lcp69

Dust collection advise

Recommended Posts

For dust collection in a small shop I currently use a 6.5 peak HP Craftsman shop vac and cyclone separator with an eight foot 2 1/2" flexible hose run to a lathe, mitre saw and table saw. Because I'm not happy with the results I  am considering an upgrade to a 4" inch run with dust collector capability over 1000 CFM...perhaps the Harbor Freight system.  However my saws have 2 1/2"  ports . According to an on line dust  design recommendation,  machines with less than a 3" port would be better off using a shop vac.  Would a dust collector over 1000 CFM be an upgrade over my shop vac since I would need to concert 4" hose for 2 1/2" ports?

Share this post


Link to post
Share on other sites
8 hours ago, lcp69 said:

Would a dust collector over 1000 CFM be an upgrade over my shop vac since I would need to concert 4" hose for 2 1/2" ports?

Huge upgrade for something like a table saw, jointer, planer, band saw. But for hand held power tools like sanders, a vacuum is better. A shop vacuum generates high vacuum but low volume. A dust collector does the opposite. Your online source is generally correct.

What kind of saws do you have that only have 2 1/2" ports?

Be aware that the Harbor Freight spec is more than wildly optimistic, especially by the time there are a few feet of flex connected and it has a little dust in the filter.

Share this post


Link to post
Share on other sites
9 hours ago, lcp69 said:

a lathe, mitre saw and table saw

Two limiting factors on the dust collection you can achieve will be the nature of that type of machine and the design of that particular model.

Nothing will collect wood chips from a lathe, but a lot of the sanding dust can be pulled away and is good to get rid of.  For that, the high air flow of a DC is going to be much better.

SCM or CMS are also diificult beasts to tame.  They are designed with vacuum cleaner ports because they are meant to be portable.  I think the best approach is to build or buy some sort of hood to "gather" the dust which can then be directed to a DC or vac.

If your TS has a 2 1/2" port I'm guessing it's a small portable unit?  If so the limiting factor here will be the internal baffling to collect the dust.  

I wouldn't discourage your purchase of a DC.  In general a dust collector is going to be better at collecting dust, but I am not sure how much improvement you will see with your particular machines.  A lot depends on your expectations and your future power tool purchase plans.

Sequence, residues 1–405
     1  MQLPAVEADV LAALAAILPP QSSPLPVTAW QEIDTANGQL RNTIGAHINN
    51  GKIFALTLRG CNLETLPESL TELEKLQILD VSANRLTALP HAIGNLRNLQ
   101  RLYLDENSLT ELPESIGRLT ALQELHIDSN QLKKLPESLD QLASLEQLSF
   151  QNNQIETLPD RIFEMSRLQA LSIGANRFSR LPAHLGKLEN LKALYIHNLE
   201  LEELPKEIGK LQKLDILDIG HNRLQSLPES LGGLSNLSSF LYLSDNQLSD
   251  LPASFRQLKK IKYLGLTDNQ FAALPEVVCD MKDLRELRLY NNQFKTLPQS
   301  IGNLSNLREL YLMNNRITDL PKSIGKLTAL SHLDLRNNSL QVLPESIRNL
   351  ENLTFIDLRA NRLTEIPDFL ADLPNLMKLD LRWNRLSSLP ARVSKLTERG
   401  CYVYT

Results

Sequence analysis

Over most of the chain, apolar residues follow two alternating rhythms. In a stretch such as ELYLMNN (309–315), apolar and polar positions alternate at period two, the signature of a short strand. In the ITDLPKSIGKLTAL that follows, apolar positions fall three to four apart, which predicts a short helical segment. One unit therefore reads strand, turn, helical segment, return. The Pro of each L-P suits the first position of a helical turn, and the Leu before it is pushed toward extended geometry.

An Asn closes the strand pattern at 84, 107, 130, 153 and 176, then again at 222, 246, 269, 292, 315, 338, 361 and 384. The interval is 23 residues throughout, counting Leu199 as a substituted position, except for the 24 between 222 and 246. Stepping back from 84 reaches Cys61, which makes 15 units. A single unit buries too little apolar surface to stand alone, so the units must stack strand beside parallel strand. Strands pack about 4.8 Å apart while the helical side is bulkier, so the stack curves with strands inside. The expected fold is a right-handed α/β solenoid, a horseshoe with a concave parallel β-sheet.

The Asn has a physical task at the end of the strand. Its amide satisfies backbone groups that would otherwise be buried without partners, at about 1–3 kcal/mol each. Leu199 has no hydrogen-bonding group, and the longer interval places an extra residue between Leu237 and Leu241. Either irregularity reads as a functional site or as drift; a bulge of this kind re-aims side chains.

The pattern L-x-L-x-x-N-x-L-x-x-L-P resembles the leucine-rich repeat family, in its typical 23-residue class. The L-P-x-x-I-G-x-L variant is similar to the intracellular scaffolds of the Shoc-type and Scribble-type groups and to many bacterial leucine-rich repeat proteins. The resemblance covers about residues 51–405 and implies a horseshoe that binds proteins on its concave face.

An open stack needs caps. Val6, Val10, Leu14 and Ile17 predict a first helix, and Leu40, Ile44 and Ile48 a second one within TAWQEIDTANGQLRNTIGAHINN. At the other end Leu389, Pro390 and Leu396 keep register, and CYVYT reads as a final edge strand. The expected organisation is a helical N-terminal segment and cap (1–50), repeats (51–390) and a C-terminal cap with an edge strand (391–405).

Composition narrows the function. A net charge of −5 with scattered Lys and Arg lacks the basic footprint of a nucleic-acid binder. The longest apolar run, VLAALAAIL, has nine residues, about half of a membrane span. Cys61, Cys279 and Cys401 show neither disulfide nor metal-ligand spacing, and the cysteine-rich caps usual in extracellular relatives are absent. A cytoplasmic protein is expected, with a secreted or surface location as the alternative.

Share this post


Link to post
Share on other sites

Sorry, I got interrupted before I could finish on my  last post.

The HF collector can be turned into a pretty good unit by changing out the impeller with a larger one that's available from Rikon. Do a search for 'Rikonstein' for more info on that. Cost is very reasonable for that.

26 minutes ago, Mark J said:

SCM or CMS are also diificult beasts to tame.  They are designed with vacuum cleaner ports because they are meant to be portable.  I think the best approach is to build or buy some sort of hood to "gather" the dust which can then be directed to a DC or vac.

This is true. Most saws will only catch a small fraction of the dust. The Festool Kapex has good dust collection, but you'll have to take out a second mortgage to buy one & they have some pretty serious motor issues. The only reason I'd have one of those is if I had to work in finished customer areas where cleanliness is paramount. My own SMCS has very good dust collection, but it sits in an enclosed cubby with an 8" duct connected to a 5 HP collector.

Ignore my question about the saws. I should learn to read. The table saw, lathe & miter saw would definitely do better with the HF collector.

Share this post


Link to post
Share on other sites

Thanks for the advise!

It is a Dewalt table saw and Hitachi miter saw.  With the current setup I do see some sanding dust float into the lathe hood.  I don't have room for a planer.  I only use the portable planer outside.

I'm guessing the cost of a HF collector plus the Wynn canister filter and a super dust deputy would run $500-600. I might be reluctant to change out the impeller given the number of HF reviews on HF motors burning up. The Central Machinery dust collector reviews on Amazon aren't nearly as favorable as the HF Central Machinery dust collector reviews on the HF website. Putting a price tag on dust health risks may be folly, but can you provide thoughts on a reasonably priced dust collector system (under $1000) which would be an upgrade? 

Share this post


Link to post
Share on other sites

Miter saws aren't really great with any dust collection.  When I had the dewalt table saw, honestly the shop vac worked pretty well with it.   The dewalt blade is really tightly enclosed so there isn't a lot of volume of air to extract.   I wouldn't worry too much for right now. 

Even when I got a bandsaw the shopvac was ok.   It wasn't until you get a planer, jointer or a bigger table saw that you need more.

I have the original Dust Right collector from Rockler, and then I bought the Harbor Freight.  I pull a hose to each machine as I need it and for that they work ok.   The HF one draws like double the air of that little Rockler wall hanger and I'm impressed with it for the price.   But I do like how compact the wall hanger is, even though the bag fills up fast.

Share this post


Link to post
Share on other sites

At $500 - $600 you are well within the range of a decent bagger with a filter and wouldn't have to cobble something together.  Just an example:

https://www.grizzly.com/products/Grizzly-2-HP-Canister-Dust-Collector-with-Aluminum-Impeller-Polar-Bear-Series/G0548ZP

Good info from those who are collecting from a CMS via a hood with a large port/DC.  High velocity spoil is a challenge; CMS, routers, circ-saws, etc.  Some tools do better with a DC and good air speed/volume whereas smaller tools often do better with a vac.  I think you will find that most folks run both.  Alas, the CMS is a challenge with a lot of solutions, all pretty involved.  You will have to make your choice based on what you can do and how much the CMS plays into your woodworking.  Folks who use them swear by them.  I only dig mine out of the shed if I am trimming out a bathroom or something similar.